12-20-2011By Joëlle Fiss
Senior Associate, Fighting Discrimination Program
Myth vs. Reality on U.S. Engagement with Islamic States
Yesterday, in an historic vote, the United Nations General Assembly adopted a resolution on combating religious intolerance.
The novelty of this text is that it does not include the harmful concept of “defamation of religions.” Instead, the General Assembly resolution calls on governments to speak out and to condemn hatred, while encouraging open debate, human rights education, and interfaith and intercultural initiatives.
The resolution marks a welcome departure from previous U.N texts. For over a decade, efforts were made in several venues at the U.N. to promote the concept that was intended to prohibit “defamation of religions.” What it did, in fact, was provide cover for abusive national blasphemy laws. Human Rights First has long argued that this concept is inconsistent with universal human rights standards that protect individuals rather than abstract ideas or religions. Indeed, blasphemy laws promote a stifling atmosphere in which governments can restrict freedom of expression, thought and religion and persecute religious minorities. Such resolutions were sponsored by the Organization of the Islamic Conference (OIC).
Last week, the U.S. government organized a two-day Istanbul Process Conference inviting experts from around the world to share best practices on how to fight discrimination based on religion or belief. Some have criticized the United States’ engagement with the O.I.C. on these issues. Human Rights First has worked for years to reverse the tide of defamation of religions at the U.N. , and has welcomed HRC resolution 16/18 as well as this most recent General Assembly resolution. We believe it is important for governments to now implement the provisions of these resolutions.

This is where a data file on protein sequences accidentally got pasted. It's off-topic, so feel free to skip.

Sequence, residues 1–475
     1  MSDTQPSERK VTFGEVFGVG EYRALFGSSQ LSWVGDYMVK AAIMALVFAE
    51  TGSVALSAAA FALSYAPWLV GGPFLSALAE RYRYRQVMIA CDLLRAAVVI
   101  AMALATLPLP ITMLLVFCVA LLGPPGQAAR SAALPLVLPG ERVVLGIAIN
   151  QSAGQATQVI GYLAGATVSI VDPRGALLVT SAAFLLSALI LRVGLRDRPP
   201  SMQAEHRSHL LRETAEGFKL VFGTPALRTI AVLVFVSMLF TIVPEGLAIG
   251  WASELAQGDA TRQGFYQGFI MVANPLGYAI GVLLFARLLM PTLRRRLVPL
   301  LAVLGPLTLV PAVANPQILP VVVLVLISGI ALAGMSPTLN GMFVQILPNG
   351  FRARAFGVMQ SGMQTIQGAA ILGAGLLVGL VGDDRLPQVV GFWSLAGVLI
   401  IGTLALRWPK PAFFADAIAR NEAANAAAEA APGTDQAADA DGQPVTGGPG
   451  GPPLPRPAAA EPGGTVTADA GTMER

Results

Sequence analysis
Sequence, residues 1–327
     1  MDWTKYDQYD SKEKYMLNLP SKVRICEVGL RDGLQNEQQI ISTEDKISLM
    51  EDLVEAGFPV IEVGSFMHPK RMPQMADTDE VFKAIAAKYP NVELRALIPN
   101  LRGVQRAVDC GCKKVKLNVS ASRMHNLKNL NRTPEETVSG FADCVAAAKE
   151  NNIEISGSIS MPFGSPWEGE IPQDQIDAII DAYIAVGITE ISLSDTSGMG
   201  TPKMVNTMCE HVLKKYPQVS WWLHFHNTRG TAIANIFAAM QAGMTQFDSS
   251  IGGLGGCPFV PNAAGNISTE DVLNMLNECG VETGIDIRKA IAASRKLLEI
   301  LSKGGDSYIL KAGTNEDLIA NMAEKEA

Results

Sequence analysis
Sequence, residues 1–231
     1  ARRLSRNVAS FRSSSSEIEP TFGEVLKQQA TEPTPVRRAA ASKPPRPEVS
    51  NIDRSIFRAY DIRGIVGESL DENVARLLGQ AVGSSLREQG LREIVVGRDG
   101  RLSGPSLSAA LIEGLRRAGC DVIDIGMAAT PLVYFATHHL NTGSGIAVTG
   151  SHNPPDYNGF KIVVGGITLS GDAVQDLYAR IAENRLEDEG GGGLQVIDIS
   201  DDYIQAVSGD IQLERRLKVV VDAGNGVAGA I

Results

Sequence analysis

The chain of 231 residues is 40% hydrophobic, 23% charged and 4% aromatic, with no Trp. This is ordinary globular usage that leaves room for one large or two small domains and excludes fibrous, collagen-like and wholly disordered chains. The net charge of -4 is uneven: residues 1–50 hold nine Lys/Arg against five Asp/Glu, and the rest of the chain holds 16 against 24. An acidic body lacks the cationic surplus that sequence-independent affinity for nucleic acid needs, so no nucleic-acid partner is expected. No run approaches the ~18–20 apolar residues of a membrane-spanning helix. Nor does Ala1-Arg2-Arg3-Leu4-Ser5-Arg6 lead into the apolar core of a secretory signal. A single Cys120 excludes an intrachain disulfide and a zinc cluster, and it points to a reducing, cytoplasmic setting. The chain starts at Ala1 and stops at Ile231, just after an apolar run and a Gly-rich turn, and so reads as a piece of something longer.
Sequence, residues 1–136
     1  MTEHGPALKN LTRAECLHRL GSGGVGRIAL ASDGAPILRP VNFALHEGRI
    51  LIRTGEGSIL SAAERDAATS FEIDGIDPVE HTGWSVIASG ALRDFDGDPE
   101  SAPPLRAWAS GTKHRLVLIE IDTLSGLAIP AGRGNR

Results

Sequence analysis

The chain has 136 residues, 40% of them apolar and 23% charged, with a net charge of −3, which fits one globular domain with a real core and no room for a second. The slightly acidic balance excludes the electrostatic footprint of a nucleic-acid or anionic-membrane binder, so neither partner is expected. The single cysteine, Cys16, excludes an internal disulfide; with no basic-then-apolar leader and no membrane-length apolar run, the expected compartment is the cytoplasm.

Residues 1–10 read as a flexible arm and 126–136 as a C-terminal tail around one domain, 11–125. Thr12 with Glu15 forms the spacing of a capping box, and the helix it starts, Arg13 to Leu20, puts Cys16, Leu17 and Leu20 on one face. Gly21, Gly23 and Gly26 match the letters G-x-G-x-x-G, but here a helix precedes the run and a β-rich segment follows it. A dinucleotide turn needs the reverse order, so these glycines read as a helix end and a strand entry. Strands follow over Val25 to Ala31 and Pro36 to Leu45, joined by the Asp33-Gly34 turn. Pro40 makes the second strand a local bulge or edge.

Here are some commonly expressed concerns and our response to them:
Myth 1: The U.N. resolution opens the door to limiting freedom of speech.
Wrong. The resolution acknowledges the language of article 20 of the International Covenant on Civil and Political Rights (ICCPR), notably that “any advocacy of national, racial or religious hatred that constitutes incitement to discrimination, hostility or violence shall be prohibited by law.” It calls on states to take measures “consistent with their obligations under international human rights law, to address and combat such incidents.”
The United States has a reservation to that provision, to the extent that it violates the First Amendment of the U.S. Constitution, so it is not bound by the obligation. In fact, the U.S. has the highest threshold of free speech in the world, and the U.S. government has expressed no intention of lowering those standards. However, that does not exempt all other states from their legal obligations to fight “incitement, hostility or violence” according to article 20 of the ICCPR. After all, that is what they signed up to, so they have an obligation by law to honor their commitment.
In all respects though, the implementation of Article 20 must not infringe Article 19, which reasserts everyone’s right to freedom of expression. Rather than imposing new restrictions on freedom of speech, which it does not, the new consensus resolution opens the door to an action-oriented approach to fighting religious intolerance. That is very consistent with the U.S. policies and practices – combat violence, discrimination and hatred without restricting freedom of speech. Resolution 16/18 urges states to train government officials to address religious tensions, to harmonize actions at local and national level, to raise awareness of negative stereotyping of persons, to promote interfaith and intercultural dialogue, to foster religious freedom and to speak out against intolerance (among other recommendations. The only limitation on speech that is in the operative part of the resolution is incitement to “imminent violence”, which is in accordance with US law.
Myth 2: “The Istanbul Process Conference is undermining U.S. standards on freedom of expression.”